The Guardian went with: “Woman who was raped backs judge over alcohol warning”, The Independent: “Rape victim says judge was right to say she put herself in danger by being drunk”.
Such coverage perpetuates harmful attitudes about sexual violence that are consistently brought into courts and jury rooms and form an obstacle to obtaining convictions.
Another all too common myth perpetuated by the balance fallacy is the idea that violence against women is some sort of ‘grey area’.
This typically presents itself in opinion pieces that label serious allegations of abuse as ‘moral panic’. Columns that warn we are hurtling towards a dystopian future in which men will be afraid to speak to a woman lest they be accused of harassment.
In the Telegraph last month, at least two columnists claimed that allegations of sexual harassment and assault in Westminster amount to a ‘witch hunt’, against men who have simply ‘pushed the envelope’ that little bit too far in their natural pursuit of the opposite sex.
Let’s ignore, for a moment, the irony of using the term ‘witch hunt’ to drum up sympathy for male perpetrators of sexual assault. A term which largely refers to the systematic and prolonged torture and murder of women.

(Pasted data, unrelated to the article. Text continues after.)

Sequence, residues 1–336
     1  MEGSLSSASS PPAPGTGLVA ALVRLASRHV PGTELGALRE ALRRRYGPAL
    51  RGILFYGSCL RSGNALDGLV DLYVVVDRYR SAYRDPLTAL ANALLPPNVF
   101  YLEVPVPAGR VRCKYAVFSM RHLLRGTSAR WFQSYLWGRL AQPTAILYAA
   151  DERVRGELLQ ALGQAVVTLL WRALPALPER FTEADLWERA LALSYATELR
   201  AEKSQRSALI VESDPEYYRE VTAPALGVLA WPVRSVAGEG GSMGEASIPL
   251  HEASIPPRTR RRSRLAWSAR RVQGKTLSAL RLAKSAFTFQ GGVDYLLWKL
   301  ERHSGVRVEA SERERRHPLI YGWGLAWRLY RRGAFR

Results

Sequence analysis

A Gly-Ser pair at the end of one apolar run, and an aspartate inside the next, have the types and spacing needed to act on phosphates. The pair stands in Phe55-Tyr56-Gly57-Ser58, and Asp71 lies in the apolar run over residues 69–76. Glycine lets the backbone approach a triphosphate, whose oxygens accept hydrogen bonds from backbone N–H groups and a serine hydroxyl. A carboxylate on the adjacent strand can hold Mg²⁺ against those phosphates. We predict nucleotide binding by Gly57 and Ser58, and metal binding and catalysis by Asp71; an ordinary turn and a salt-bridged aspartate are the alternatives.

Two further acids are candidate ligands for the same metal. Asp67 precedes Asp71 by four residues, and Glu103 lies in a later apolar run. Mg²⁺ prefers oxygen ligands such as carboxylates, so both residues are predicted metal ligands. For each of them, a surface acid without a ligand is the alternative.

The dangerous message here is that if a woman is assaulted or harassed, she should first stop and consider the impact on her abuser should she report. It ignores the truth that the lines between ‘flirting’ and abuse have never been blurred except in the minds of men who want them to be, and who are angry that the spotlight is now shining in their direction.
The concept of “balance” has long been a key foundation of journalism and, in many cases, it is a vital and necessary consideration. But attempts to engineer false balance by creating moral equivalency between abusers and abused serves no one, least of all survivors already facing multiple barriers to achieving justice and support.
When we frame violence against women as some kind of murky moral maze, in which women must share responsibility with their attackers, we allow abuse to continue unchecked.
This year’s Wooden Spoon goes to ‘the balance fallacy’, and those who perpetuate it.
Because the prevalence of gender based violence is not up for ‘debate’. Because we do not need ‘devil’s advocates’ to defend abusers and their right to abuse. We need advocates like those we recognise tonight, who use their voices and talents in the fight to stamp out violence against women.
Annie McLaughlin was the 2016 Write to End Violence Against Women Awards busary winner. You can read her excellent writing for the Sunday Herald here.
For more excellent writing on the ‘false balance fallacy’, writing which inspired this topic, read below:
Kirsty Strickland, The National: Repetition of dangerous rape myths has no place in a responsible debate
Alys Mumford, Engender: Why There Aren’t Always Two Sides to Every Story